I am the son of a career Army officer and so I know that end of it as well. My late Dad was, at various points in his career, a buck Private in the horse cavalry, infantry, Signal Corps, and Corps of Engineering. The point is that there is opportunity within each branch to find something you're good at. But it's going to be driven by the need of the service at the time. I did not actually expect to end up driving ships myself but that's where the need was and so that's where I went. It's like that.
Best to you and to him.
If he’s tough and unflappable, maybe he’d like to test himself in the Army Infantry. If he can qualify, he could even go to the Army Rangers. If he’s bored with that, he can go into Special Forces (though you can go into SF from any branch of the Army). If he gets bored with that, he can move up to CAG (aka Delta Force). The sky’s the limit if you want to test your toughness in the Army.
I can tell you right now that he sounds perfect for the Air Force as a Combat Controller which will prepare him for almost anything. This job has it all!
Coast Guard or Air Force
There's a fine line between being hard and being stupid.
If they are getting really selective who they accept based on health and mental issues, I think maybe the DADT issue may be moot. Homos are typically plagued with all kinds of mental and physical health issues. I might venture a guess that the few homos that both desire to be in the military and can pass the screening are not statistically relevant...provided they don’t start a quota for homos in the military.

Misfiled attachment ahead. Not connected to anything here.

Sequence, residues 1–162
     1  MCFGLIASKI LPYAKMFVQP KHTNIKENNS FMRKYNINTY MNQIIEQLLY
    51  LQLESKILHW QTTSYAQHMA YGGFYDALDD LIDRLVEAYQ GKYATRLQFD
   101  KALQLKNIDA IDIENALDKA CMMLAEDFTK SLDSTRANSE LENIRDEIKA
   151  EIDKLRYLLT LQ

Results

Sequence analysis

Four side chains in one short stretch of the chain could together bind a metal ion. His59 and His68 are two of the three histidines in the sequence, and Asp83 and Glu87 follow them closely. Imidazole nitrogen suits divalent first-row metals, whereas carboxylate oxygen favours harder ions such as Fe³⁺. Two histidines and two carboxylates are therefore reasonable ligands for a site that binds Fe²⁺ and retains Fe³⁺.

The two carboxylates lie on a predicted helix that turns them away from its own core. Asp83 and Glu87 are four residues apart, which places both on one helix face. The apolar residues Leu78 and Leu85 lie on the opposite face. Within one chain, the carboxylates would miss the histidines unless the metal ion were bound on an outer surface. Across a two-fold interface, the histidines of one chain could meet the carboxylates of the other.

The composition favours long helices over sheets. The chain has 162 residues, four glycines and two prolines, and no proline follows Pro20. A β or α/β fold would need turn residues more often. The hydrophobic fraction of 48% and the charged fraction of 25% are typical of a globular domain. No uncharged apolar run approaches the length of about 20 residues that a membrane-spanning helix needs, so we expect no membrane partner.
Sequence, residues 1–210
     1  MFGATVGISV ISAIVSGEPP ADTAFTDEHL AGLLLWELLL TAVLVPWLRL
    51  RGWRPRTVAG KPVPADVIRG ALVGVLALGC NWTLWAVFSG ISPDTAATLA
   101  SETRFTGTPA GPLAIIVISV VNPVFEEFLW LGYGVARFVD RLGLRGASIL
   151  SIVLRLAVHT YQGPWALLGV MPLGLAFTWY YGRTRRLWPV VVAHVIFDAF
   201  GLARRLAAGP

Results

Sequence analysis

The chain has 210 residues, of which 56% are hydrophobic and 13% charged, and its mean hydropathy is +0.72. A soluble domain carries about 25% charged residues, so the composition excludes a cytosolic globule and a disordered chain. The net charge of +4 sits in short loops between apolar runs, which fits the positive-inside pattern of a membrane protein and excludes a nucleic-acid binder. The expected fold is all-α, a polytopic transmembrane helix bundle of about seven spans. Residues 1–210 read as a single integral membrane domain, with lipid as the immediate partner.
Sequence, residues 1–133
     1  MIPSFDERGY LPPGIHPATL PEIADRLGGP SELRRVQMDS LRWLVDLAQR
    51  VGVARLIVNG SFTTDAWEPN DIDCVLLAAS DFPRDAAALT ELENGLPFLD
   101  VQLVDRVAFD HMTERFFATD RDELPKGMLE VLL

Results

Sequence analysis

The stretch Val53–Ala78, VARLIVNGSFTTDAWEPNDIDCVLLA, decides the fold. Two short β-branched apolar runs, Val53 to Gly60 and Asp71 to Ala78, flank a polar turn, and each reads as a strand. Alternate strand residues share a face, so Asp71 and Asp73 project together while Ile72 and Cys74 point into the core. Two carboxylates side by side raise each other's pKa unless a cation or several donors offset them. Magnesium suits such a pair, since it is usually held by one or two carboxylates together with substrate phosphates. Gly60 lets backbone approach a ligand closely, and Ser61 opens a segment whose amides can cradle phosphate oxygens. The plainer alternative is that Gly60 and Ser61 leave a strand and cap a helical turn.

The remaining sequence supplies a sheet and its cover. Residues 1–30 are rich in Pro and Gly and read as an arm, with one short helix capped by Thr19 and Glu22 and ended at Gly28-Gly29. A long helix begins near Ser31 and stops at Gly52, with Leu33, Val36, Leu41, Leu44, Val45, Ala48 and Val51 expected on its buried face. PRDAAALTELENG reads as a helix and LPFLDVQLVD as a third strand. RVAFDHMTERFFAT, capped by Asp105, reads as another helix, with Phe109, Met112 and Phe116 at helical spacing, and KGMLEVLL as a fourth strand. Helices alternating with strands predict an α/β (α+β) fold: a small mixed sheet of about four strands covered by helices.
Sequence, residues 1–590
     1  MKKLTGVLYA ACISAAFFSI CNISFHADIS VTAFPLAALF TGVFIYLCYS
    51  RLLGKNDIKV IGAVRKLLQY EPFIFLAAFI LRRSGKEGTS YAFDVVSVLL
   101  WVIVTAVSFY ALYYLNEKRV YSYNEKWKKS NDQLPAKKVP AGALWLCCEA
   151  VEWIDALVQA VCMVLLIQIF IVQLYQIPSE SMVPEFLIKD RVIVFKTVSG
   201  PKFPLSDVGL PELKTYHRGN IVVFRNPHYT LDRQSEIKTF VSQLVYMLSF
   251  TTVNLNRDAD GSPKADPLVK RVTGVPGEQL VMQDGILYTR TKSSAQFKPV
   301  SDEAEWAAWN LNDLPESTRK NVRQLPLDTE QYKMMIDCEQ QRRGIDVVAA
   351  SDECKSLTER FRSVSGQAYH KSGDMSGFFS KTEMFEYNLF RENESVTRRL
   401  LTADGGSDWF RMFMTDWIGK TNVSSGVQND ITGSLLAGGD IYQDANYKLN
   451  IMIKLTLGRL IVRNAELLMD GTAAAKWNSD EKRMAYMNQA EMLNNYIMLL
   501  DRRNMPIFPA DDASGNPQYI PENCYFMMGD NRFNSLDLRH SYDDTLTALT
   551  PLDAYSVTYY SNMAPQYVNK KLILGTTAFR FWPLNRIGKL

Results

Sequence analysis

Just a hunch.
Here are some other disqualifiers. If your son is more than a few pounds overweight, he wont be allowed to enlist. A few years ago, recruiters would wait on a young man or woman to lose the weight, but not anymore.
Not true. My son is enlisted in the USMC, ship date 9/3/12 and at least 2 others had to lose weight before their shipdates.
Additionally, it might not be a bad idea to review your sons medical records. If he was ever prescribed certain drugs for conditions like ADD/HD, thats an automatic disqualifier. Ditto for certain types of past injuries or illnesses.
Also not true.
Ummm. try 11 years. 8)
My youngest daughter and SIL really enjoyed the USAF.
I can tell you right now that he sounds perfect for the Air Force as a Combat Controller which will prepare him for almost anything. This job has it all!
In my experience, the Marines are a bit different in terms of allowing recruits to lose weight and get ready for basic training. I would ask how much weight your son has to drop before going to boot camp. In the past, I’ve seen cases where the recruit lost up to 100 pounds before shipping out. More recently, I’ve been told the Marines will wait for a young man or woman to lose 20-30 pounds, but they won’t wait for obese candidates—not in this market. Additionally, many Marine Corps recruiters run informal PT programs for their recruits, to get them in shape for boot camp. The rationale behind this effort is clear, but again, it’s something unique to the Corps.
Additionally, I’ve never heard of anyone being allowed to enlist if they were on Ritalin (or similar drugs) for more than a few months. By the time many prospects reach the recruiting station, tney’ve been on these meds for years, and it’s an automatic disqualifier for most branches of the military. Again, the Marines may have slightly different rules/standards.
One thing is certain: as the military draws down, the services will become increasingly selective in who is allowed to enlist.
Best of luck to your son in the Corps.
Join the service that offers him training in the field that interests him most and offers career opportunities when he gets out. Even if he spends 20 or 30 years in, he will likely need to work when he retires.
Make sure that he takes maximum advantage of all of the college tuition assistance that the military can provide both during and after his service.